Verizon Communications Inc.’s New York subsidiary was hit with a proposed wage and hour class action in New York federal court Tuesday from an employee who says the company misclassifies its logistics workers as supervisors to avoid paying overtime.Law360, New York (July 16, 2015, 6:41 PM ET) --
Plaintiff Thomas Dillon said that he’s been classified as a supervisor in Verizon New York Inc.’s logistics services division since 1993 even though in all that time he’s never overseen anyone but himself. Instead, Dillon alleged, he and others like him were classified as supervisors to make them exempt employees; workers Verizon didn’t have to pay for dozens of hours of overtime each week accrued over the course of years or decades.
“While employed as a supervisor for defendant, plaintiff worked well over forty hours per week, often working over eighty hours in a given workweek. Defendant, however, intentionally misclassified plaintiff as an exempt employee,” Dillon said, “and, in doing so, completely failed to pay him for any hours that he worked in excess of forty in a given workweek at any rate of pay, let alone at his regular rate of pay or his overtime rate of pay.”
Verizon also failed to provide Dillon with accurate wage statements as required under the New York Labor Law, according to the complaint, which seeks to represent current and former logistics services division employees classified as supervisors who worked overtime but weren’t paid for it.
“Defendant paid and treated all of its supervisors in its logistics services division in this manner,” Dillon said.
Dillon said he first joined Verizon in 1986. Since his elevation to the supervisor classification, he said he has been responsible for ordering and distributing equipment and traveling to company work centers to provide that equipment to field technicians, along with review and edits of equipment orders.
The work, according to Dillon, required exhaustive hours, generally from 6:30 a.m. to 7:00 p.m. Monday to Friday.
“Additionally, up until early 2015, plaintiff worked at least four weekend days every month, generally working from 10:00 a.m. until 2:00 p.m. As such, during this time period, plaintiff's regular schedule had him working an average of sixty-six and one-half hours per week,” Dillon said. “However, defendant only paid plaintiff for his first forty hours worked, failing to pay him at any rate of pay, let alone his regular rate of pay or his overtime rate of pay, for the extra approximately twenty-six and one-half overtime hours that he worked per week.”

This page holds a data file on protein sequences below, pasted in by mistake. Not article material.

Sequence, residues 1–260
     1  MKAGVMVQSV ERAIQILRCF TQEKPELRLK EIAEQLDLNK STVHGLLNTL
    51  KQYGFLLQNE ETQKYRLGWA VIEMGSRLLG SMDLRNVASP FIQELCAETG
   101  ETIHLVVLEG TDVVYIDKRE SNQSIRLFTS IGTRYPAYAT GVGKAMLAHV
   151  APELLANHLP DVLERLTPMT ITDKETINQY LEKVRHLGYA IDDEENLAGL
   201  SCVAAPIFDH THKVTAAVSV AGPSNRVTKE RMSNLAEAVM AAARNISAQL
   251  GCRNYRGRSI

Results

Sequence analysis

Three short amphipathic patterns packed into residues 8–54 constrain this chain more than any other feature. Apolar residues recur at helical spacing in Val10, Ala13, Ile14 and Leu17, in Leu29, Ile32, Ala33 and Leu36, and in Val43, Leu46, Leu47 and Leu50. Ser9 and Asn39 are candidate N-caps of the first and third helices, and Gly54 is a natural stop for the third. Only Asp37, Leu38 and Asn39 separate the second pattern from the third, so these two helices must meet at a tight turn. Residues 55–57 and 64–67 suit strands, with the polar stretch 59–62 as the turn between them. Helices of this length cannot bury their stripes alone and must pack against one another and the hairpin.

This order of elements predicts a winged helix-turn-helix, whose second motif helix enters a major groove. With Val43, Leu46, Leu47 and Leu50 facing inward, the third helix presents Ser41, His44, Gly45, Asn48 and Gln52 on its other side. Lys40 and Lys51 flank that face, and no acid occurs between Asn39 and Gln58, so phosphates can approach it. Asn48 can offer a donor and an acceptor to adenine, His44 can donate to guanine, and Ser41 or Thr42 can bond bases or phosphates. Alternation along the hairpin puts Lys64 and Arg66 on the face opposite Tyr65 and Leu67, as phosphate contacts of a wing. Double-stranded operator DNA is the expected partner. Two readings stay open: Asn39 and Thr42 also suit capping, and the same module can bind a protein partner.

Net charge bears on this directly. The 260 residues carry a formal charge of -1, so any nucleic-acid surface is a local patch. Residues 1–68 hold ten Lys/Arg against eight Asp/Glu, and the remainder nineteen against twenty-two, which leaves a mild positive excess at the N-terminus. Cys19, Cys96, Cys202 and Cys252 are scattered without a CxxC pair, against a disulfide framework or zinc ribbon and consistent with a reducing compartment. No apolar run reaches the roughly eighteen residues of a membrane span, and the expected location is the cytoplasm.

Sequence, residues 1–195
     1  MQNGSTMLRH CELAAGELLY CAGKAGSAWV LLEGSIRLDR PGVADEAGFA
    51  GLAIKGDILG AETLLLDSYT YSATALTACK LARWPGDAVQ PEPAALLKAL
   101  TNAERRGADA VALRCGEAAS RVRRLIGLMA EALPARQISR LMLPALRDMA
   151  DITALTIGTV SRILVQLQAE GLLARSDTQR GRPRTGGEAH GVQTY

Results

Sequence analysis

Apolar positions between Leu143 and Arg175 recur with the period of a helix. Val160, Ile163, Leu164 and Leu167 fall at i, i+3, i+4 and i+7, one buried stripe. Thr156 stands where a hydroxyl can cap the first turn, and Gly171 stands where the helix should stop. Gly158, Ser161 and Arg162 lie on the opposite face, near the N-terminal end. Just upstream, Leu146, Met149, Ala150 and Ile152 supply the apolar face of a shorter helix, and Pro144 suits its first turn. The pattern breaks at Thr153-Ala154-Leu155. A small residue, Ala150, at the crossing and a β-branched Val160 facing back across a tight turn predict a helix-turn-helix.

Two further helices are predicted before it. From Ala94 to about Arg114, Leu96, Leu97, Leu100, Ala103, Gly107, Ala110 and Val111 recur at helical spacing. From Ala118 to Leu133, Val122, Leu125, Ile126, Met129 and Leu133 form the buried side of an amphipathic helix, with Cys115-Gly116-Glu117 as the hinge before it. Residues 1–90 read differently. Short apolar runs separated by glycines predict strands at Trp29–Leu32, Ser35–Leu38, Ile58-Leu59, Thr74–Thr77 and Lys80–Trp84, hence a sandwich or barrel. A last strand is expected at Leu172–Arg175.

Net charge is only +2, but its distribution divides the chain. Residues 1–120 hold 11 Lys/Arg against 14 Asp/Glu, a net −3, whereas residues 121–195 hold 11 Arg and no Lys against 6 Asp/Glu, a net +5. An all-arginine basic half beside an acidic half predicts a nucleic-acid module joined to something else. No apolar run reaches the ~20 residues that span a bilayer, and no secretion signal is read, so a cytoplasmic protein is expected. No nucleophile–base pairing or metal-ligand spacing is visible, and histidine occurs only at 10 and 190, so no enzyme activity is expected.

Dillon has already been joined by at least two other Verizon New York employees who consented to join the proposed class, according to court documents that require workers to stipulate they have worked for the company within the last six years and were stiffed on overtime.
The lawsuit seeks the allegedly unpaid overtime under the Fair Labor Standards Act and New York Labor Law, along with an injunction that would bar Verizon from future misclassification practices, a prohibition on retaliation, and damages.
“This is the third class action filed in New York within the last two years by Verizon employees who claim they were misclassified as ‘managers’ so the company could avoid paying overtime," Dillon's lawyers, Borrelli & Associates PLLC and Wigdor LLP, said in a statement. "The wage laws in this country are intended to prevent employers from taking advantage of hard working employees, and Verizon will continue to face these actions if it continues to [flout] the law.”
A Verizon spokesperson told Law360 that the company does not comment on pending litigation.
The proposed class is represented by Todd Dickerson, Alexander T. Coleman and Michael J. Borrelli of Borrelli & Associates PLLC and David Gottlieb, Renan F. Varghese and Douglas Wigdor of Wigdor LLP.
Attorney information was not available for Verizon on Thursday.
The case Dillon v. Verizon New York Inc., case number 1:15-cv-05517 in the U.S. District Court for the Southern District of New York..
--Editing by Ben Guilfoy.